Are you feeling down after your baby is born?
Many women feel this way and it’s called postpartum depression. It’s a type of depression that can happen after giving birth. But don’t worry, there is treatment available.
At Amend Treatment, we specialize in seasonal postpartum depression treatment. We have a team of experts who can help you get your life back on track.
Take the first step today and call Amend Treatment at (833) 912-6363 to learn more about postpartum depression treatment.
Major Depressive Disorder (MDD) with Peripartum Onset (also known as postpartum depression) is a mood disorder that can affect new mothers. Symptoms typically begin within four weeks postpartum, but not always. The disturbance must be postpartum in onset and of sufficient severity to warrant clinical attention.
This condition is also often called postpartum depression, postnatal depression, post-maternity blues, or simply the baby blues.
Any woman can get postpartum depression, but women who have a past history of postpartum depression or postpartum psychosis are at increased risk.
Women may experience a wide range of symptoms of postpartum depression. As with any mental health condition, an individual may experience one or more symptoms at the same time.
The most common symptoms of postpartum depression include the following:
- Sadness and hopelessness
- Low energy and fatigue
- Anxiety, agitation, or restlessness
- Guilt, self-reproach, and self-doubt
- Difficulty concentrating and making decisions
- Loss of appetite (or increased cravings for specific foods)
- Feelings of worthlessness or guilt that may lead to thoughts of death or suicide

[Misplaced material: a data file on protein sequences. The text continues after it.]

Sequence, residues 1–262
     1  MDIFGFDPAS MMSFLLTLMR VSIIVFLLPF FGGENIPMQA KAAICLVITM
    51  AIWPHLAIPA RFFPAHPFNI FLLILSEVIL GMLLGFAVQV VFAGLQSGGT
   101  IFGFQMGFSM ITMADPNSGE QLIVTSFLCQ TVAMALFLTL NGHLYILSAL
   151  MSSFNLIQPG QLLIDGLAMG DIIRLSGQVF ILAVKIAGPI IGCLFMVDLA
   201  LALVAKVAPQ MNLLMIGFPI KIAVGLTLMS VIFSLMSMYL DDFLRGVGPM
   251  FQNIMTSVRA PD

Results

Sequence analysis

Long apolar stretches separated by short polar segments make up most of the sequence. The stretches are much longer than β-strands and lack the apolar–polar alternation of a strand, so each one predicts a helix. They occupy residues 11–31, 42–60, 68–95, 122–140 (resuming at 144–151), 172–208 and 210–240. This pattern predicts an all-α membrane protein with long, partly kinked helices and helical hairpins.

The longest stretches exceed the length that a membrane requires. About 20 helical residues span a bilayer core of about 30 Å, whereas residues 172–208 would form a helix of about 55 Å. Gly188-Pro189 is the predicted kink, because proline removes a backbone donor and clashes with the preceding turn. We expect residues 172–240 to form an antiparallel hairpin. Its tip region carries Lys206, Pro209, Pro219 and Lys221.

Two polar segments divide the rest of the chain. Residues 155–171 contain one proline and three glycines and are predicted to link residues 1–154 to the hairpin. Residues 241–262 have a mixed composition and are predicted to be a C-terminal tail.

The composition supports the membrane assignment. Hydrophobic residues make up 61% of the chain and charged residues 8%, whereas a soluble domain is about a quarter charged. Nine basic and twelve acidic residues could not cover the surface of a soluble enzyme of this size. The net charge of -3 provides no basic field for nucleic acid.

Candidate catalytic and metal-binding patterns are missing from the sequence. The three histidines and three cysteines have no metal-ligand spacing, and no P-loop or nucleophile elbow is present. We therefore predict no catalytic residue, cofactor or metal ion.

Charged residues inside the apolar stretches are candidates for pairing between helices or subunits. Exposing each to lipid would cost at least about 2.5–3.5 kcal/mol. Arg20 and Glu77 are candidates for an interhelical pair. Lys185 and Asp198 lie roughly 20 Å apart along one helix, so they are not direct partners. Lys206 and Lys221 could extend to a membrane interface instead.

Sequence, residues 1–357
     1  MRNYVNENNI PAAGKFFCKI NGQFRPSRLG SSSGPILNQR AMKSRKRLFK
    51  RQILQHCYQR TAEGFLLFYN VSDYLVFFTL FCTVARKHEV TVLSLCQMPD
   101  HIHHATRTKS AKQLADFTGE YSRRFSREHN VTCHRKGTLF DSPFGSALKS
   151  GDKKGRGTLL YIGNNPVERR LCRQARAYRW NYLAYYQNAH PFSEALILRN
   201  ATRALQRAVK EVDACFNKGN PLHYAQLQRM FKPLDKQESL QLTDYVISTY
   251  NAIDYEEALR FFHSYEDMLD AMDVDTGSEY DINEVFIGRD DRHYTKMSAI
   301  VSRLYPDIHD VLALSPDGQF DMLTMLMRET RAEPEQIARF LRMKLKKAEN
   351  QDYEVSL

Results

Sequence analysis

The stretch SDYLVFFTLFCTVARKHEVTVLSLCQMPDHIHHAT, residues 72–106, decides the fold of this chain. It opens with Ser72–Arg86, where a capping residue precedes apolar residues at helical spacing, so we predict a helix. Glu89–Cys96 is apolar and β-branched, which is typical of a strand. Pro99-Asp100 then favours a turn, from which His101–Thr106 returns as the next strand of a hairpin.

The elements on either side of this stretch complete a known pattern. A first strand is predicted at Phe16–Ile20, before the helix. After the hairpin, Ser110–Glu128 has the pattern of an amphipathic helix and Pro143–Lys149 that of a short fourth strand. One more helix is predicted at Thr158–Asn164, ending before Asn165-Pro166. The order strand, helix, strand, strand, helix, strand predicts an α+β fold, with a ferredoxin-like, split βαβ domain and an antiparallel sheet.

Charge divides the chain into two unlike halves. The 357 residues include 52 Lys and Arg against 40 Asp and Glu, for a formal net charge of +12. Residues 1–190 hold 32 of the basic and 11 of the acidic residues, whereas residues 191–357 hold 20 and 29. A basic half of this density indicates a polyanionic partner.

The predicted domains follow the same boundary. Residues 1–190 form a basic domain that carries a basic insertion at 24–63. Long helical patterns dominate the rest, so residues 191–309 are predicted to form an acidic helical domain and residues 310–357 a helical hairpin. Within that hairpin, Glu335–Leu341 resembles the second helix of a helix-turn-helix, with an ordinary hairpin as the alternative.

- Insomnia, including waking up early in the morning (sometimes called “night sweats”)
- Ongoing feelings of sadness postpartum that last for most days over two weeks
- Low self-esteem and poor body image postpartum
Postpartum depression symptoms may include some or all of these signs and symptoms.
Women with postpartum depression may also have postpartum psychosis, which can be very serious and dangerous. Symptoms of postpartum psychosis include:
- Hallucinations (seeing or hearing things that are not real)
- Delusions (thinking things that are not true)
- Paranoia (fears and ideas of being persecuted)
- Confusion postpartum
Postpartum psychosis symptoms may include some or all of these signs and symptoms. In postpartum psychosis, a woman has lost touch with reality. Because postpartum psychosis is rare, it is often overlooked as postpartum depression. If you experience postpartum psychosis, postpartum depression is likelier than postpartum psychosis.
Many women experience postpartum blues after the birth of their babies. Symptoms that last for a few days to two weeks after delivery. Postpartum blues do not require treatment and will usually go away without any medical intervention during the first couple of days postpartum.
Postpartum depression is caused by a combination of hormonal, physical, and emotional changes.
The most common causes of postpartum depression include the following:
- Emotional and physical changes postpartum
- Low self-esteem postpartum